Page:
So Many Resources for Manufacturers, So Little Time
Recently, I attended an SBANE Advanced Manufacturing Seminar that assembled a panel of experts to speak about work force development. The event was excellent- chalk full of useful information from people who clearly care deeply about the New England manufacturing community. Leslie Parady fromMassMEP did a fantastic job moderating and coloring the event with her experience and deep knowledge of the main issue at hand – connecting resources to those who need help whether it be a manufacturer looking to fill skilled positions or a high school student interested in a hands on career figure out his or her next step.
Overall what struck me the most about this panel were the vast resources- and I think we just scratched the surface- available to those who know where to look. There is no shortage of organizations working to help businesses of all kinds in MA. Whether or not they communicate or collaborate with each other effectively is another subject. The point is – they are out there so I thought I’d take some time to share links to some of these organizations:
MassMEP: http://massmep.org/ -
MassMEP is collaborative center comprised of government, business and academic partners to provide manufacturers with the resources they need to prepare for success in today’s advanced manufacturing environment. They specifically focus on three areas – operational excellence, workforce strategies and innovative growth solutions. They offer business consulting as well as useful workshops.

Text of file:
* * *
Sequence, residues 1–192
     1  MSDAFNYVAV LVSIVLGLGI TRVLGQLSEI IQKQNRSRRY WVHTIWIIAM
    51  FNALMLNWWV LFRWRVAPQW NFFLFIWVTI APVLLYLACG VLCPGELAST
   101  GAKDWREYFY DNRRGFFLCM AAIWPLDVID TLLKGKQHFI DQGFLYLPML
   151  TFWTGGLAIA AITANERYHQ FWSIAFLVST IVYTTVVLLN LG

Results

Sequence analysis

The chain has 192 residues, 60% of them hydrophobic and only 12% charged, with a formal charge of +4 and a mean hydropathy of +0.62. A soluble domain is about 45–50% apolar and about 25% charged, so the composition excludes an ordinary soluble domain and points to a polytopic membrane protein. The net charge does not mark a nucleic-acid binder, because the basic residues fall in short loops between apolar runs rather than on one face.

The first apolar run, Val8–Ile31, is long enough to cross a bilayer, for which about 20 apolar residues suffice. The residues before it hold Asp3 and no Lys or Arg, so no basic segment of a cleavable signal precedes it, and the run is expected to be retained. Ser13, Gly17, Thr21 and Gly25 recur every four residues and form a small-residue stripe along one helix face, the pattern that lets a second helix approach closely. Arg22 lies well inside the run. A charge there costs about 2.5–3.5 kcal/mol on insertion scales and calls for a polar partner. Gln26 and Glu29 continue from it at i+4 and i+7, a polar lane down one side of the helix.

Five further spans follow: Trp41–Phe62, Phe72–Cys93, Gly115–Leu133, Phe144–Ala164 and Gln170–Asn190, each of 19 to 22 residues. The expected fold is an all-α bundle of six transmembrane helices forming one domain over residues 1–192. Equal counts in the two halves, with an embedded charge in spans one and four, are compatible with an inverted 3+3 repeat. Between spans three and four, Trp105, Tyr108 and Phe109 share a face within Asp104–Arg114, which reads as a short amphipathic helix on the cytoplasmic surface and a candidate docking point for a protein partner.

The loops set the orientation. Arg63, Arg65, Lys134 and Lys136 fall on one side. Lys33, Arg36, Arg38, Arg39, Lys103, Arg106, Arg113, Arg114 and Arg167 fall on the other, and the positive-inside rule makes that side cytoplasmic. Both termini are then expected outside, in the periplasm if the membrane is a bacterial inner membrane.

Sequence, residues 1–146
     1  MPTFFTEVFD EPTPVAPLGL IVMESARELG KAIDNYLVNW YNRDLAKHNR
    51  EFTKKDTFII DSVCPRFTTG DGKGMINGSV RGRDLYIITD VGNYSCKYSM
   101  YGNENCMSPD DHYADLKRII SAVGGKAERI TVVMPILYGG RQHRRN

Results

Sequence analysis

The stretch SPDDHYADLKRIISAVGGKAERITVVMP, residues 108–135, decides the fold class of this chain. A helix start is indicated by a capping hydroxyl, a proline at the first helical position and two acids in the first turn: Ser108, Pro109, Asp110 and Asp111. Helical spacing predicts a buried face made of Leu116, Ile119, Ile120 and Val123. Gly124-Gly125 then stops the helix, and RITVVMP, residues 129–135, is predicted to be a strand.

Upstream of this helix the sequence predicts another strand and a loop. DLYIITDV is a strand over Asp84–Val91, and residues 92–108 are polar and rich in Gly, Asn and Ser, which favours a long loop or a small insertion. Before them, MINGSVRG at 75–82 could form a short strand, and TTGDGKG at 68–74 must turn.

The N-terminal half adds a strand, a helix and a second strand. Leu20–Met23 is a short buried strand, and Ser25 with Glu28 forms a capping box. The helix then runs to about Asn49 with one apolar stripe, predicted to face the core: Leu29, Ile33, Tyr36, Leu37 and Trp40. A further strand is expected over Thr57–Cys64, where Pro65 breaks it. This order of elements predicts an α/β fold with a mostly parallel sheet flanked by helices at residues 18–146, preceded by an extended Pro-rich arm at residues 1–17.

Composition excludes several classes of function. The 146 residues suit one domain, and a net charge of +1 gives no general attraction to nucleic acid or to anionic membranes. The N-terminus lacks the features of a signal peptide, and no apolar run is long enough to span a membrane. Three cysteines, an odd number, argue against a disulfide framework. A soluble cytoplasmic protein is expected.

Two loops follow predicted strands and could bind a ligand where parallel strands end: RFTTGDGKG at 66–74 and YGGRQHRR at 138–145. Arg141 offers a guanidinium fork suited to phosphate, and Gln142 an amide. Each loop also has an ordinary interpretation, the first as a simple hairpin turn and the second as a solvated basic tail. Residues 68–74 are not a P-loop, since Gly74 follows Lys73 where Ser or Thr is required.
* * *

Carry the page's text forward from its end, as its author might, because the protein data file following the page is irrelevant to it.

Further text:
Created in 2012, the Manufacturing Advancement Center Workforce Innovation Collaborative was created as a statewide focal point for employer-led workforce training and development initiative. This is an excellent resource if you are looking to link up directly with talent or schools who provide hands on training. Here are links to their upcoming classes and training programs.
SBANE was established to provide a legislative voice for small business at the state and federal levels and to make practical information available to help business owners grow their companies. SBANE runs diverse, educational and networking programs each year and has active chapters in Massachusetts and Rhode Island. The membership is characterized by a high degree of participation, reflected in a large and dynamic committee structure, addressing a range of topics from international trade to human resources.
Partnership for a Skilled Workforce: http://www.pswinc.org/
This center connects employers with prospective employees of all ages and skill levels. Initiatives include career centers around the state, young adult job assistance and healthcare training.
This organization is a quasi-state finance and development agency that works with businesses, nonprofits, financial institutions, and communities to stimulate economic growth across the commonwealth. Its RAMPMA.com portal helps connect manufacturers with growth resources and it recently announced a state program to subsidize manufacturing consulting services for local companies delivered by four organizations that the state has dubbed “innovation centers.” For more info, read Peter’s Cohen’s piece from Business Telegraph.com